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Minority-owned firms in Pinellas soon to have another tool for pursuing opportunities

Above: Pinellas County Commissioner Ken Welch and family at investiture ceremony marking the start of his term as Chairman of the Commission

-By Gabrielle Settles

On March 1st, Pinellas County Commission Chairman Ken Welch and his peers cemented a significant win for local business owners.

“Our local governments generate billions in capital and operating expenditures annually,” he wrote in a Facebook post last Thursday, “Today the Pinellas County Commission unanimously agreed to take a major step forward in improving access to minority, women, veteran owned and small business owners to county contracting and procurement, by expanding and updating our SBE (Small Business Enterprise) program.”

The action stemmed from Welch’s prioritization of the issue during his one-year term as Chairman of the County Commission. As part of his push, he’s called on county leaders to find strategies to overhaul the county’s SBE program, after nearly 20 years of race and gender-neutral policies that sought to target purchasing to small businesses of all kinds.

Before the early 2000s, local governments purposefully targeted a portion of their spending toward ethnic minority-owned enterprises (MBEs), women-owned enterprises (WBEs) and disadvantaged business enterprises (DBEs), such as a veteran-owned business.

But a 1999 “disparity study” commissioned by the City of St. Petersburg resulted in a wholesale shift in the practice. The study found that a representative share of the city’s spending went to black-owned and other minority-owned firms. Hence, the thinking went, there was no longer a need for affirmative actions to remedy disparities.

In response, both the City of St. Petersburg and Pinellas County opted for SBE programs that – as of 2002 – no longer tracked or targeted procurement to ethnic minorities or other special groups.

Over time, the shift had disastrous results for small businesses on the whole, and minority-owned firms in particular. For example, in 2017, Pinellas County government spent about $400 million on the purchase of goods and services, but only about $60,000 of that was spent with SBEs, according to a report by county staff.

Now, after 16 years, the county’s SBE policy is on the drawing board for major revisions.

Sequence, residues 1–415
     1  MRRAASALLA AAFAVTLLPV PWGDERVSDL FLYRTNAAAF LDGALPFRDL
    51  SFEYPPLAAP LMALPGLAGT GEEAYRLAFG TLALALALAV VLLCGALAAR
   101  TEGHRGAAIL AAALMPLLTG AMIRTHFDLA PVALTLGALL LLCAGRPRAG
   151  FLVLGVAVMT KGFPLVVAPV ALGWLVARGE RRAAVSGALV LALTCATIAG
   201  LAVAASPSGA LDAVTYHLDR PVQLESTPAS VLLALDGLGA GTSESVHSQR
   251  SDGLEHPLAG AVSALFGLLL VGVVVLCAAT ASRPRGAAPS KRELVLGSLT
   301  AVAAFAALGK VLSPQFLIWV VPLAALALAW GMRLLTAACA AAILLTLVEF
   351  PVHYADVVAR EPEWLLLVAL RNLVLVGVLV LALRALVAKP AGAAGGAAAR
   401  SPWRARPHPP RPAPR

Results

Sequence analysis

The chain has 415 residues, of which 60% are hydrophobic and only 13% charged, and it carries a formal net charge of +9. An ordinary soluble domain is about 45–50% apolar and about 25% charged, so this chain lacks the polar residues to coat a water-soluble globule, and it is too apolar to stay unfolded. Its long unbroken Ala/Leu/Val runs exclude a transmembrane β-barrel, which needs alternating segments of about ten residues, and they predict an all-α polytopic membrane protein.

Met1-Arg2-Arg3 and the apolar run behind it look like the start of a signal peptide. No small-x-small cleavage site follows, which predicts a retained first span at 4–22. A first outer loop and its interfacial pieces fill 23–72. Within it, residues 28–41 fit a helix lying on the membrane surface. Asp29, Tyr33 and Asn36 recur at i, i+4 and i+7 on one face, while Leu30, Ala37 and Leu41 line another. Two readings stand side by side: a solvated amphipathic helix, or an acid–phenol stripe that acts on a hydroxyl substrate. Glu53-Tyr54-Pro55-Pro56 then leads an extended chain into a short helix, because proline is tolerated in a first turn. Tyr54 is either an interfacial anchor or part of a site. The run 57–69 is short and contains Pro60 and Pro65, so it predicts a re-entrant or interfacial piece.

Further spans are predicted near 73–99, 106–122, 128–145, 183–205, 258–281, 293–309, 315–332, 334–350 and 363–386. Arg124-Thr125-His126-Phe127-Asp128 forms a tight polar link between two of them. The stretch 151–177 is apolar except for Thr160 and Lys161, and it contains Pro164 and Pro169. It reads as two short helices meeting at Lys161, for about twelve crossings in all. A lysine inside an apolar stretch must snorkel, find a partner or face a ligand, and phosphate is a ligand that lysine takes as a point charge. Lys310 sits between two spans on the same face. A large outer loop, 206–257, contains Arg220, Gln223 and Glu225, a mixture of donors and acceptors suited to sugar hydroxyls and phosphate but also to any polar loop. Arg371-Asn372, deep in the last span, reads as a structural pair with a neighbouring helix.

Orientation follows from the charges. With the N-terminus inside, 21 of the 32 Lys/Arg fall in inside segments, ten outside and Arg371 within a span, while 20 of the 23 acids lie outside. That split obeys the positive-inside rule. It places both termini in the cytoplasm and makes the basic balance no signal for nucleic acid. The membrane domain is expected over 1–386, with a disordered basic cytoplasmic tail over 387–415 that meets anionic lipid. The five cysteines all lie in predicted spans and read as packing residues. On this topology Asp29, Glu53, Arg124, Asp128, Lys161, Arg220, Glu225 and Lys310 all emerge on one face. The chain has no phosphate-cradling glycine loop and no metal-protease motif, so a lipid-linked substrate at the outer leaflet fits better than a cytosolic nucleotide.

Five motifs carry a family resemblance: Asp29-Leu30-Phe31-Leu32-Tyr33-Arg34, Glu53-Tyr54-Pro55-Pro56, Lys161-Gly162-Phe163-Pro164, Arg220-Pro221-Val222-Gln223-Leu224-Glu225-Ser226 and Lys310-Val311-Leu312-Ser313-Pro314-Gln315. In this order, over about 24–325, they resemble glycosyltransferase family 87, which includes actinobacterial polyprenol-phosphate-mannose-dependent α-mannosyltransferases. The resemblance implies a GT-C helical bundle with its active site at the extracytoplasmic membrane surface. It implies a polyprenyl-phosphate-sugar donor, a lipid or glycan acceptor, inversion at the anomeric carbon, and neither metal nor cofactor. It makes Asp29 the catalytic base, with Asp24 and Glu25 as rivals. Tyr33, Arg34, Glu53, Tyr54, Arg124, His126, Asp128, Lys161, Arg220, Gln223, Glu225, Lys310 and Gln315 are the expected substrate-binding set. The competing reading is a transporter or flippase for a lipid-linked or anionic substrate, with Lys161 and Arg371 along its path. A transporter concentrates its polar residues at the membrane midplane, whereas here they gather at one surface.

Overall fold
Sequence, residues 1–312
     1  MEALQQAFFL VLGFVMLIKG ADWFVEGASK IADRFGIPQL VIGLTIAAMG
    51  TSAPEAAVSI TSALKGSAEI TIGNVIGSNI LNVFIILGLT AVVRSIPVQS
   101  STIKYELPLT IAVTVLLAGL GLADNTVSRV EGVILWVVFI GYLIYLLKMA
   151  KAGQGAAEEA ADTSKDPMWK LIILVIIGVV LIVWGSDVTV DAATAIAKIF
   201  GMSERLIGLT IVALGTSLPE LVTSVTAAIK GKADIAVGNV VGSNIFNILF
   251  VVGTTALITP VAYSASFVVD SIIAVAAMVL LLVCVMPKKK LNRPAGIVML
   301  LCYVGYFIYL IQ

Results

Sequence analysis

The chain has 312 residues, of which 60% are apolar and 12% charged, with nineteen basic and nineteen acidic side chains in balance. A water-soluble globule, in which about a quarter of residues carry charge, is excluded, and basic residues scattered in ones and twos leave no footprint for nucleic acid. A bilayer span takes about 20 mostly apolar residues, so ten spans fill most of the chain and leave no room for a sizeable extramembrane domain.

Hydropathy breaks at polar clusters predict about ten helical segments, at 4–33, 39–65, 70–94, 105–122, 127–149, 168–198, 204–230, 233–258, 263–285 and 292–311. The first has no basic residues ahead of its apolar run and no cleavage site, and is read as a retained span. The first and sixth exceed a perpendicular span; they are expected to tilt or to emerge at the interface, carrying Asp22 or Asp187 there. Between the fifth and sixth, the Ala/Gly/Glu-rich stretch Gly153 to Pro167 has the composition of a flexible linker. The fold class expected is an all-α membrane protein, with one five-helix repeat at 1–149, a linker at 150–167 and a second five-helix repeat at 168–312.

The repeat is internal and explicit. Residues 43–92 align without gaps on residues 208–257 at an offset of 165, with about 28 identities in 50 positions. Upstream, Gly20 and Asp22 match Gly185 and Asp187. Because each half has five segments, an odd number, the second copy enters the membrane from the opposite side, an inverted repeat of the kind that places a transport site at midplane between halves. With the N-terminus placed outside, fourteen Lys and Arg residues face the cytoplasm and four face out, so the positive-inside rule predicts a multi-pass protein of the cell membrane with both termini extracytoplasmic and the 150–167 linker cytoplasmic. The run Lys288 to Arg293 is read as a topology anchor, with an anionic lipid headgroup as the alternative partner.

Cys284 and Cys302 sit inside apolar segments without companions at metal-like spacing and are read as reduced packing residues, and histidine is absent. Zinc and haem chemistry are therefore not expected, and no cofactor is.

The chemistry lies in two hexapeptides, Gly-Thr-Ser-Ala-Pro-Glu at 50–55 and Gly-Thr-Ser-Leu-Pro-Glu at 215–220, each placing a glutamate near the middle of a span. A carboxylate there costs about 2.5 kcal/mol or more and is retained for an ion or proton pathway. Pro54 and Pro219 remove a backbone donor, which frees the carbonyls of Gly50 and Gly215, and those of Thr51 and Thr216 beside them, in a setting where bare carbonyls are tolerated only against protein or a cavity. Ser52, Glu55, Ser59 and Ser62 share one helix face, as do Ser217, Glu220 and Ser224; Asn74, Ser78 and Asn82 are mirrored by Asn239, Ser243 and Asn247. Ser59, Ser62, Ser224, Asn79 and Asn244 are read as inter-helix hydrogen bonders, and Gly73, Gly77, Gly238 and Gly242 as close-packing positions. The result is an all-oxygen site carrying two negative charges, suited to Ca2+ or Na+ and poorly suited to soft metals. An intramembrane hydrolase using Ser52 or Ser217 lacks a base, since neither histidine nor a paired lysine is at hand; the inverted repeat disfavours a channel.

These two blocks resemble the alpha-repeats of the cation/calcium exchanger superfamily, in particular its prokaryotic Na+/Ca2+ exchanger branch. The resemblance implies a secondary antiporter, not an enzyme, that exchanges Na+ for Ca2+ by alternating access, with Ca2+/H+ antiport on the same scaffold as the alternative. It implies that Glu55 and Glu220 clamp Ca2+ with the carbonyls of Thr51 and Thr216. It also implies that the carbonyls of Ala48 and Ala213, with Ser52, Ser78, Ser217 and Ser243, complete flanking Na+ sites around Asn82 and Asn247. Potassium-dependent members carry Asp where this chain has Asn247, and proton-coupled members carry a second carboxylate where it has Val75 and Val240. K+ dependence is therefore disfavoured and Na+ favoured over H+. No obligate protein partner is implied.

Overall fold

During the March 1st commission meeting, Chairman Welch, County Administrator Mark Woodward, Director of Economic Development Mike Meidel, and Director of Purchasing Joe Lauro introduced action steps and options to return the county to proactive outreach and involvement with diverse small businesses.

One route would be to enhance the current SBE program to more rigorously track spending with small firms, and to rev up registrations of diverse firms with the county’s procurement staff.

The second, more expensive option, is to commission a countywide disparity study, which could enable the county to set specific goals for procurement among minority-owned and women-owned firms, if disparities are found.

The latter would cost an estimated $300,000 and require up to two years to conduct the analysis.

While both options are still on the table, Welch says the county isn’t waiting for an up-to-date study to begin making headway.

For starters, the county plans to hire three new staff to increase outreach and procurement among diverse small business owners. Approved investments also include creation of a new database of small business owners, to reach them more readily. The absence of one has been “part of the problem,” according to Welch.

Welch is working on expanded partnerships as well, such as partnering with Pinellas County Schools in hiring services for their construction projects. Last year, the school district hired Creative Construction, Inc., to rebuild Melrose Elementary. The construction company then shared the work with other local subcontractors for concrete work.

“We’ve got a great partner with Rene Flowers, the [Pinellas County School Board] chair, St. Petersburg Mayor Rick Kriseman and City Council Chair Lisa Wheeler-Bowman, in making sure our processes are complimentary,” Welch says.

He, Flowers and Wheeler-Bowman are also coordinating efforts with the City of St. Petersburg, where staff and Council members have taken several steps toward revamping its SBE program over the past two years. The three co-hosted a business information session in South St. Petersburg in late February to introduce local government purchasing programs.

“The commission, for the first time that I can ever recall, has unanimous consensus that this needs to be a priority,” Welch said. “We’re going to be more aggressive about it.”

He urges local businesses to get prepared to engage once the new policies are in place. “If we’re going to succeed in creating a more inclusive economy, it’s imperative that small business owners take advantage of the information, outreach and business support.”

County Commissioners will continue discussion about the overhaul at a March 13th meeting (start time 9:30 a.m. in commission chambers at the county courthouse)

To find out more from Pinellas County’s Economic Development and Purchasing departments, head to pinellascounty.org and click on the business tab.

To watch the Board of County Commissioner’s full work session on the issue, click here

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